Notes

Acknowledgements

The research leading to these results has received funding from the European Research Council under the European Union’s Seventh Framework Programme (FP7/2007-2013)/ERC Grant Agreement No. [339392]. The authors are also grateful to John Willis for the fruitful discussions on the framework presented in this publication.

References

  1. 1.
    Deymier PA (2013) Acoustic metamaterials and phononic crystals, vol 12. Springer, BerlinCrossRefGoogle Scholar
  2. 2.
    Hussein MI, Leamy MJ, Ruzzene M (2014) Dynamics of phononic materials and structures: historical origins, recent progress, and future outlook. Appl Mech Rev 66(4):040802CrossRefGoogle Scholar
  3. 3.
    Ma GC, Sheng P (2016) Acoustic metamaterials: from local resonances to broad horizons. Sci Adv 2(2):e1501595MathSciNetCrossRefGoogle Scholar
  4. 4.
    Veselago VG (1968) The electrodynamics of substances with simultaneously negative values of \(\epsilon \) and \(\mu \). Sov Phys Uspekhi 10(4):509–514CrossRefGoogle Scholar
  5. 5.
    Sugino C, Xia Y, Leadenham S, Ruzzene M, Erturk A (2017) A general theory for bandgap estimation in locally resonant metastructures. J Sound Vib 406:104–123CrossRefGoogle Scholar
  6. 6.
    Sheng P, Mei J, Liu Z, Wen W (2007) Dynamic mass density and acoustic metamaterials. Physica B 394(2):256–261CrossRefGoogle Scholar
  7. 7.
    Milton GW, Willis JR (2007) On modifications of Newton’s second law and linear continuum elastodynamics. Proc R Soc 463(2079):855–880MathSciNetzbMATHCrossRefGoogle Scholar
  8. 8.
    Bückmann T, Kadic M, Schittny R, Wegener M (2015) Mechanical metamaterials with anisotropic and negative effective mass-density tensor made from one constituent material. Phys Stat Solidi B Basic Res 252(7):1671–1674CrossRefGoogle Scholar
  9. 9.
    Wang ZP, Sun CT (2002) Modeling micro-inertia in heterogeneous materials under dynamic loading. Wave Motion 36(4):473–485zbMATHCrossRefGoogle Scholar
  10. 10.
    Sun CT, Huang GL (2006) Modeling heterogeneous media with microstructures of different scales. J Appl Mech 74(2):203–209zbMATHCrossRefGoogle Scholar
  11. 11.
    Michelitsch TM, Gao H, Levin VM (2003) Dynamic Eshelby tensor and potentials for ellipsoidal inclusions. Proc R Soc A 459:863–890MathSciNetzbMATHCrossRefGoogle Scholar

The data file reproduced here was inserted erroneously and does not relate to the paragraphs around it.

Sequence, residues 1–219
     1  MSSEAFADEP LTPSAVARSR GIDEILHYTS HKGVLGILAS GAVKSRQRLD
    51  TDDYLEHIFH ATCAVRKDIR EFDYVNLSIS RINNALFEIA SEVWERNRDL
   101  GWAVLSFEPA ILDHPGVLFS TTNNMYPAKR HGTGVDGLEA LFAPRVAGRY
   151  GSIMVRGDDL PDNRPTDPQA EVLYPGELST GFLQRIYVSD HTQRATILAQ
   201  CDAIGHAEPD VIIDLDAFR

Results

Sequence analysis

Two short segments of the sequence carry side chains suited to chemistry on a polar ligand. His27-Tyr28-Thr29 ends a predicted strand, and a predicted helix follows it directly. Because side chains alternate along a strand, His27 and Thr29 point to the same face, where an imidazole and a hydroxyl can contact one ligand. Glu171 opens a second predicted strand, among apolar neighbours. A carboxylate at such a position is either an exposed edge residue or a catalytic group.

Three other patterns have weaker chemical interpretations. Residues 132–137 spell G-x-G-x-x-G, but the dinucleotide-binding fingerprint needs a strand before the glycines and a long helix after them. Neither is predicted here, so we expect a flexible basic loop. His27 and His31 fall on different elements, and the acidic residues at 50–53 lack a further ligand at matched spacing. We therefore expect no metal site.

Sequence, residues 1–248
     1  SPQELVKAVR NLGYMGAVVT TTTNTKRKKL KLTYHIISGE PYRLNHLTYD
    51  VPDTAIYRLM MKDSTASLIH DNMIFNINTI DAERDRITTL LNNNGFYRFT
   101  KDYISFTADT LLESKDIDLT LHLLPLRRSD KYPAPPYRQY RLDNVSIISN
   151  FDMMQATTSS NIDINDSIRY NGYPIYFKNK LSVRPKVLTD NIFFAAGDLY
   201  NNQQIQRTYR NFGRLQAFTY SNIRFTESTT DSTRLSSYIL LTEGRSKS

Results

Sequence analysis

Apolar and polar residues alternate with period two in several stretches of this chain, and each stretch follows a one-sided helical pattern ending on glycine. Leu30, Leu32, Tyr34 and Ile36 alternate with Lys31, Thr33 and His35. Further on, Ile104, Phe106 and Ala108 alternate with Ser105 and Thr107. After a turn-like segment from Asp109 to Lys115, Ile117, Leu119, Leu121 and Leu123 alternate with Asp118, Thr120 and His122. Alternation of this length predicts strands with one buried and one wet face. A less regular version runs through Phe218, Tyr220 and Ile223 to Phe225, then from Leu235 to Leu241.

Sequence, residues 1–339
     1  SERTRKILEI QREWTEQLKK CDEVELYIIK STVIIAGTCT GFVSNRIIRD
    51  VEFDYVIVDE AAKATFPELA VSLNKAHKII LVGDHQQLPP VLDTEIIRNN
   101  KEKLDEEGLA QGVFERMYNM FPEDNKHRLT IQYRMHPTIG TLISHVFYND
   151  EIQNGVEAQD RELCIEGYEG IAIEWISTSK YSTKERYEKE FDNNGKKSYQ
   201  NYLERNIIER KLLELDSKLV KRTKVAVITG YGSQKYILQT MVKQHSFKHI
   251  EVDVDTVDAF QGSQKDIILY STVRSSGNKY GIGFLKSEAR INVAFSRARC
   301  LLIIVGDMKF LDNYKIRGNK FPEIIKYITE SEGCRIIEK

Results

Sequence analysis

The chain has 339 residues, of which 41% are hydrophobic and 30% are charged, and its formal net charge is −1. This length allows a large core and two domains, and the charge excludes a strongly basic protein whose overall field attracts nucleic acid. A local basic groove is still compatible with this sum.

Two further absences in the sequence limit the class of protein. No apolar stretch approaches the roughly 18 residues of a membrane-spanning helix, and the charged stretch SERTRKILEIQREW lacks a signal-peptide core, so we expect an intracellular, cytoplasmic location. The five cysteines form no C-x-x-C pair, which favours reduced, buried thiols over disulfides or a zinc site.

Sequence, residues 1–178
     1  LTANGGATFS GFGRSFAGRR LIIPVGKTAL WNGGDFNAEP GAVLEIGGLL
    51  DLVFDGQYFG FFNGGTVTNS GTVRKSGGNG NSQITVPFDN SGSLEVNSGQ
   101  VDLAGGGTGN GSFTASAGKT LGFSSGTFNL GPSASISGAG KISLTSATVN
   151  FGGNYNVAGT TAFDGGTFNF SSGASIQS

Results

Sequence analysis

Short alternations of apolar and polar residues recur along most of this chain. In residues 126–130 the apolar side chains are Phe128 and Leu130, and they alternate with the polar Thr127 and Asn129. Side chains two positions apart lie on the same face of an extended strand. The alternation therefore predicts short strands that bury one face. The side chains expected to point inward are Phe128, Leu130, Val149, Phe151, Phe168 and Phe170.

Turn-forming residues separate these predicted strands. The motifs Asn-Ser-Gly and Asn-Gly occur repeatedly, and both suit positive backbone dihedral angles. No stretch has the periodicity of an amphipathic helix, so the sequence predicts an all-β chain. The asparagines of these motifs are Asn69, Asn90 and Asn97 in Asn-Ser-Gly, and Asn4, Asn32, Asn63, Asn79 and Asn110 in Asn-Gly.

12. 12.
    Chesnais C, Boutin C, Hans S (2012) Effects of the local resonance on the wave propagation in periodic frame structures: generalized Newtonian mechanics. J Acoust Soc Am 132(4):2873–2886CrossRefGoogle Scholar
  13. 13.
    Bacigalupo A, Gambarotta L (2014) Second-gradient homogenized model for wave propagation in heterogeneous periodic media. Int J Solids Struct 51:1052–1065CrossRefGoogle Scholar
  14. 14.
    Boutin C, Rallu A, Hans S (2014) Large scale modulation of high frequency waves in periodic elastic composites. J Mech Phys Solids 70:362–381MathSciNetzbMATHCrossRefGoogle Scholar
  15. 15.
    Pham K, Kouznetsova VG, Geers MGD (2013) Transient computational homogenization for heterogeneous materials under dynamic excitation. J Mech Phys Solids 61(11):2125–2146MathSciNetzbMATHCrossRefGoogle Scholar
  16. 16.
    Sridhar A, Kouznetsova VG, Geers MGD (2016) Homogenization of locally resonant acoustic metamaterials towards an emergent enriched continuum. Comput Mech 57(3):423–435MathSciNetzbMATHCrossRefGoogle Scholar
  17. 17.
    Liu C, Reina C (2017) Variational coarse-graining procedure for dynamic homogenization. J Mech Phys Solids 104:187–206MathSciNetCrossRefGoogle Scholar
  18. 18.
    Sridhar A, Kouznetsova VG, Geers MGD (2017) A semi-analytical approach towards plane wave analysis of local resonance metamaterials using a multiscale enriched continuum description. Int J Mech Sci 133:188–198CrossRefGoogle Scholar
  19. 19.
    Sridhar A, Liu L, Kouznetsova VG, Geers MGD (2018) Homogenized enriched continuum analysis of acoustic metamaterials with negative stiffness and double negative effects. J Mech Phys Solids 119:104–117MathSciNetCrossRefGoogle Scholar
  20. 20.
    Hui T, Oskay C (2014) A high order homogenization model for transient dynamics of heterogeneous media including micro-inertia effects. Comput Methods Appl Mech Eng 273:181–203MathSciNetzbMATHCrossRefGoogle Scholar
  21. 21.
    Chen W, Fish J (2000) A dispersive model for wave propagation in periodic heterogeneous media based on homogenization with multiple spatial and temporal scales. J Appl Mech 68(2):153–161zbMATHCrossRefGoogle Scholar
  22. 22.
    Andrianov IV, Bolshakov VI, Danishevs VV, Weichert D (2008) Higher order asymptotic homogenization and wave propagation in periodic composite materials. Proc R Soc 464(2093):1181–1201MathSciNetzbMATHCrossRefGoogle Scholar
  23. 23.
    Hu R, Oskay C (2017) Nonlocal homogenization model for wave dispersion and attenuation in elastic and viscoelastic periodic layered media. J Appl Mech 84(3):031003CrossRefGoogle Scholar
  24. 24.
    Bensoussan A, Lions J-L, Papanicolaou G (1978) Asymptotic analysis for periodic structures. Studies in mathematics and its applications, vol 5. North-Holland, AmsterdamzbMATHGoogle Scholar
  25. 25.
    Gazalet J, Dupont S, Kastelik JC, Rolland Q, Djafari-Rouhani B (2013) A tutorial survey on waves propagating in periodic media: electronic, photonic and phononic crystals. Perception of the Bloch theorem in both real and Fourier domains. Wave Motion 50:619–654MathSciNetzbMATHCrossRefGoogle Scholar